A study in winter’s peace

Most years, I choose a very specific study project for the month of January. This year, I couldn’t come up with one structured thing that I was intent upon learning. I thought I might do a design project, from inspiration to finished project, but most of my drawing supplies are still waiting to be unpacked and it turned out that I wasn’t really in the mood to do anything very structured at all.

What I wanted to do more than anything was work on making my studio the most comfortable and inviting place to work, and also put projects on all the looms. The studio has been functional, mostly unpacked, but not really efficient or cozy. It needs more shelving space, and I need to unpack a few more boxes and banish others to the places where they belong. Making it cozy could be as simple as adding a tiny table next to the hemming chair, so that I can enjoy my tea while I hem.

Making it efficient means getting the warping mill and the winding station in the same general area, and finding a place to store the excessive amount of spinning fiber that I bought a few years ago.

I am going to cheat a bit and put a few of the small but difficult boxes under the bed for now. They’re difficult because they don’t contain any one thing, and what the contain needs to be gone through paper by paper, sorted, tied with pretty ribbons (or handwoven bands?), and labeled. These boxes don’t belong in the studio, but when I lived in The Aerie, the storage for bedroom and studio was combined, and so I have studio things mixed into the ephemera of my life. I bought a stack of three pretty cardboard ‘suitcases’ to use as a side table next to my bedroom chair, and ultimately the things worth keeping will go there.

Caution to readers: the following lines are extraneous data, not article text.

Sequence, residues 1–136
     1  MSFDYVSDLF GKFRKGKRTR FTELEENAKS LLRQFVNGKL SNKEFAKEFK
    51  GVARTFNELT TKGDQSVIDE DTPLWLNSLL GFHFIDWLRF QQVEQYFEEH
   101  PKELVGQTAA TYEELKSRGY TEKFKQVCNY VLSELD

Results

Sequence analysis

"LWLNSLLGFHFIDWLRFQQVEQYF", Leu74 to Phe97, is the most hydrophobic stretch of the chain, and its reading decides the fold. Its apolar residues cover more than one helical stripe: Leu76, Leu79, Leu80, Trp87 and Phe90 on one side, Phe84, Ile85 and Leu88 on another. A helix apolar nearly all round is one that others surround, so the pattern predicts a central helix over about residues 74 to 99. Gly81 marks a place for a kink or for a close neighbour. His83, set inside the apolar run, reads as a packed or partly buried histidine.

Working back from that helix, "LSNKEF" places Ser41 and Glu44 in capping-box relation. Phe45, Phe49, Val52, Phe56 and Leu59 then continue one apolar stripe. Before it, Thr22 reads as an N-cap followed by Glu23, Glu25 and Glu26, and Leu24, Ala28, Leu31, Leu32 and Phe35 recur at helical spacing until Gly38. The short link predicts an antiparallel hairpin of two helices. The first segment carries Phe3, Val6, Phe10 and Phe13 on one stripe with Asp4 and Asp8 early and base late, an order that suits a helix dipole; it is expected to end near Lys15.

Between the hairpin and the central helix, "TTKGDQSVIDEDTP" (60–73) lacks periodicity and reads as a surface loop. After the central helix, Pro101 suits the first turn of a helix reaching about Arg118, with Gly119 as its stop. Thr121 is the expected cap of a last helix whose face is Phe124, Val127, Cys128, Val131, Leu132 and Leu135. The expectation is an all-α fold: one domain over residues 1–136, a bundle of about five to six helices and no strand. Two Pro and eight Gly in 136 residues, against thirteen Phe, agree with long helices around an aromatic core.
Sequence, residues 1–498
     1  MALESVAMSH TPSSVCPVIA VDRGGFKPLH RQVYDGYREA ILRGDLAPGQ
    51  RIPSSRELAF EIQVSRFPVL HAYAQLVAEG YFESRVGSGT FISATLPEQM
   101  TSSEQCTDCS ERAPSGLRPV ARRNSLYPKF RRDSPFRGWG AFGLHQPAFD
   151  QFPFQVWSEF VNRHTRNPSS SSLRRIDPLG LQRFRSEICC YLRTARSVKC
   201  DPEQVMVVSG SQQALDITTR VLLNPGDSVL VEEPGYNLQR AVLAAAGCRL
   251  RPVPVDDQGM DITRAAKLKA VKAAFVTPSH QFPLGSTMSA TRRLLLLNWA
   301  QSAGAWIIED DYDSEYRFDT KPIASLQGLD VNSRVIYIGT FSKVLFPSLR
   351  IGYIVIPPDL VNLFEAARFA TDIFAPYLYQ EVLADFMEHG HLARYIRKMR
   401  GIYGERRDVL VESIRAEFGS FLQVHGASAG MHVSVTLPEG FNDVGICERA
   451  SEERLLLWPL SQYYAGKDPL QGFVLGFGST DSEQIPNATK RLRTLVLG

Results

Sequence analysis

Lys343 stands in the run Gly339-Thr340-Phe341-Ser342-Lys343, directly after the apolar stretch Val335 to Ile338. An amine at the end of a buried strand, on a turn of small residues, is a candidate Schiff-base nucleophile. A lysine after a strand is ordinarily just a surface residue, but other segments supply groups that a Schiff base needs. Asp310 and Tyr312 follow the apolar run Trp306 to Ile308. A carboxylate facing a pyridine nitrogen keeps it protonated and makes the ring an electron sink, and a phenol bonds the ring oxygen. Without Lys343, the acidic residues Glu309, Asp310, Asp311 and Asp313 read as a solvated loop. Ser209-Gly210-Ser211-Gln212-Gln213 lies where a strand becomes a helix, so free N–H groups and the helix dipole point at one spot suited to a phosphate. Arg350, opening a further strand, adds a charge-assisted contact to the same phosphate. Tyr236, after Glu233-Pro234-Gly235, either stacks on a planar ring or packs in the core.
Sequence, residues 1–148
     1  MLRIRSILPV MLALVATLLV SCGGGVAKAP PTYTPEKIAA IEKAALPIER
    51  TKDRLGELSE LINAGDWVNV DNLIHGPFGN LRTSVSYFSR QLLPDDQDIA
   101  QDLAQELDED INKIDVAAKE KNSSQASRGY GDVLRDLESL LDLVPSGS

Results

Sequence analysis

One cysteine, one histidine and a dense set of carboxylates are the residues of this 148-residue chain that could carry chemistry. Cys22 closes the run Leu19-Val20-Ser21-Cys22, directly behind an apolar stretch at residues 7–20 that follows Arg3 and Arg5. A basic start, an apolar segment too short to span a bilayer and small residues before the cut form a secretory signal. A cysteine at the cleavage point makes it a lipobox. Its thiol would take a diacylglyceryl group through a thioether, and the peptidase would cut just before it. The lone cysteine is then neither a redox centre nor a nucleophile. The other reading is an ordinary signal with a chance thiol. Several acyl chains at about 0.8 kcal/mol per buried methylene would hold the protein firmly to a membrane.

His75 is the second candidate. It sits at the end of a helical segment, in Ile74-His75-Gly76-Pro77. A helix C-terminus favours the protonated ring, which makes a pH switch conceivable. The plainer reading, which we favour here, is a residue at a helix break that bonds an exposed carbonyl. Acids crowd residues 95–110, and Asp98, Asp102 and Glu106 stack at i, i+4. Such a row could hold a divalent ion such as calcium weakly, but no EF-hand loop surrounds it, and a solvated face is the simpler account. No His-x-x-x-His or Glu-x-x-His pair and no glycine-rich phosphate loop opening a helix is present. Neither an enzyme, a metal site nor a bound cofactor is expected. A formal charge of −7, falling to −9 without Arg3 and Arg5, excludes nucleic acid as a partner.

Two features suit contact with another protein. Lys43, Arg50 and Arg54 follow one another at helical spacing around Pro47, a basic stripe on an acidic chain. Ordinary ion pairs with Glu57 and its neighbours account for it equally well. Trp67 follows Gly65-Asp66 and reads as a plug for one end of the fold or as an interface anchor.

In the snow-filled peace of winter, I’ve been able to figure out why these boxes have lingered for months past my arrival at Buttonwood, and now I have a rough idea how I can deal with them. That may be more valuable to me right now than any study project.

thinking about the past year

Aside

It’s inevitable, isn’t it? A line was drawn across the face of time, and we invariably look back after crossing it.

So, I am going to indulge in a bit of a look backwards. It’s been a unique and memorable year, with the new studio and new looms. On a more subtle level, i feel there’s a newer, more confidant Weaver, too.

Getting back to Basics at Vävstuga was important in shaping my newfound confidence. I know I used to dread winding a warp and putting it on the loom. It seemed like it took forever and it wasn’t pleasurable. Oh, how that has changed!

Having a warping mill has been a great time-saver. Even though my shoulder and arm have grown so much stronger that I can almost forget that they were ever injured, warping wasn’t really painless or quick until I started using the mill.

When I used to warp from front-to-back, I spent a lot of time dealing with tangles in the warp. Now that I use weights to keep the warp under even tension, I don’t get the tangles that I used to. I warp back to front, and I find the process easy and intuitive. It even works on Honey, my dear old jack loom.

Having the right looms makes a difference. I love my Glimåkras, and I am still in love with my Schacht.

Who knew that everything would come together for me last year? I thought it would have happened the previous year, when I took my retreat year at Sparrow Hill. No, it took me another year; I had to get beyond the reality that Sparrow Hill was just another way station.

I had to find a place called home. Then, anything was possible.

Deep in the spiral of midwinter, wrapped in The Lady’s warm cloak, I see the essential truth in this as a precious gift. Art can grow out of tension and desperation, but is this the kind of art that inspires or sustains you? Out of peace and contentment, a different kind of art emerges. This is the art that feeds your soul and quiets your mind.

Ive spent many days in the past few weeks at the loom, just weaving, just meditating on the breath. It’s basic and fundamental. It’s what makes me whole.